Charlotte Bronte’s Jane Eyre is a masterpiece. No wonder then that of all the things the Bronte sisters wrote, Susan Wise Bauer included only Jane Eyre into her list of 32 novels produced by the Western world since the genre was created, around the 1600s. Jane is way ahead of her time. She makes herself the equal of a man (a wealthy gentleman, too) – great feat in 1847! – through conversation and wit and attitude.
But Jane Eyre is more than just an early feminist. She is a Christian who is grappling with injustice, hypocrisy, delusion, and missionarism in the people around her. Some have said this book is anti-Christian because of characters like Mr. Brocklehurst and St John Rivers. These men seem more like caricatures, but have you not met hypocritical characters in your local congregation? Have you not met exalted young missionaries who are deluded into thinking they are doing God and the world a favor through their daily sacrifices? I know I have met my fair share of such people. So this book spoke to me on a very personal level. Continue reading
I have also enjoyed reading the development of Jane herself. This book is written as an autobiography, so we hear Jane speak in the first person. She takes us on a journey about her life from the time she was 10 until her late 20s.
And then, there is the love story between Jane and Mr. Rochester. I will not give away much of the plot, but suffice it to say that it is fascinating. Personally, I have never liked men my father’s age in a romantic way. But I know several women who enjoyed relationships with men who were older by 13-25 years. In that aspect, I did not “get” Jane. Everything else about the evolution of their relationship though was very believable and I could come to terms with.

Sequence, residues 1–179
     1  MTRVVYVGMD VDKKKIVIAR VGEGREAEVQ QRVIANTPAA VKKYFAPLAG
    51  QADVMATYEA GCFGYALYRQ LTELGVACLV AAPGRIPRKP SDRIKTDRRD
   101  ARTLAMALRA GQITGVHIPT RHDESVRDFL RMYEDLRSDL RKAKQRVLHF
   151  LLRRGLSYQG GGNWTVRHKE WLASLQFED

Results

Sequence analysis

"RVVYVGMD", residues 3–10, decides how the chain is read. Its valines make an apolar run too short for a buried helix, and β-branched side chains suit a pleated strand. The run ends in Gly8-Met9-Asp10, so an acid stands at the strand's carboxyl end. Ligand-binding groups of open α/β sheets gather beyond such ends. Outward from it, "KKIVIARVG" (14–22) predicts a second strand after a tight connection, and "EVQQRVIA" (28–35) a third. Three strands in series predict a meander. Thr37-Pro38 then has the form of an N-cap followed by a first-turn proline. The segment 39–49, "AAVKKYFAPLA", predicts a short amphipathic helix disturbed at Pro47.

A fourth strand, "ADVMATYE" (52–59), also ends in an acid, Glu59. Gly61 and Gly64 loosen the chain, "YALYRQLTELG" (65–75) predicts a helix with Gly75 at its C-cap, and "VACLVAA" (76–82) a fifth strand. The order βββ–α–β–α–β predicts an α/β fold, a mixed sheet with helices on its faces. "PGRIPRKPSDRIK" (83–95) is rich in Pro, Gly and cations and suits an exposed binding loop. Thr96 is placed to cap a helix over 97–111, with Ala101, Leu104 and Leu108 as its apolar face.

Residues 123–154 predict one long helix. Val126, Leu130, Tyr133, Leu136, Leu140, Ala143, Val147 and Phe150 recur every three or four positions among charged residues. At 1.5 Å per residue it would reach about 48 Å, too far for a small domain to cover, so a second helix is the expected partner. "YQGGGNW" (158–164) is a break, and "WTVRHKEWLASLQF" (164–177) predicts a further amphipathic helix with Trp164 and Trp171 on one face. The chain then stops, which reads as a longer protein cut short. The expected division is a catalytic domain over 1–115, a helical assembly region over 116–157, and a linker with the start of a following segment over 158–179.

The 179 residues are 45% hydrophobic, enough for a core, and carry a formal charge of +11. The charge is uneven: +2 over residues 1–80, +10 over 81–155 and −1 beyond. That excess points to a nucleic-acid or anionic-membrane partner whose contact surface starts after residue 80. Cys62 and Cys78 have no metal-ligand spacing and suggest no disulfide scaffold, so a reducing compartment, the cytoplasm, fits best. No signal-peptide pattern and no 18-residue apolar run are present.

I liked how Charlotte Bronte described the landscape and the rest of the characters. I enjoyed looking into the metaphors hidden in the names of the different places Jane stayed at: from Lowood to Ferndean, the author hid a message and a description in each location name.
This has been such a powerful book, I need a break from fiction for the next week, so that I can still bask in the atmosphere of Jane’s universe while I read a nonfiction book.
By the way, I watched the 1970 production of Jane Eyre, which is available for free on Amazon Prime, but did not like it very much. A lot was left out of the book – big chunks, which gave a lot of insight into the development of Jane’s thoughts and feelings. Several things were changed from the book, to fit a simpler plot. It is really not worth your time unless you want to have a visual of what some of the scenes might look like – and even then, would you not like to stick to what your mind imagined by reading the book?
This movie is definitely not a replacement for reading the book. Oh, and you can get Jane Eyre free on Kindle. Your local library probably carries it too, in the Classics section.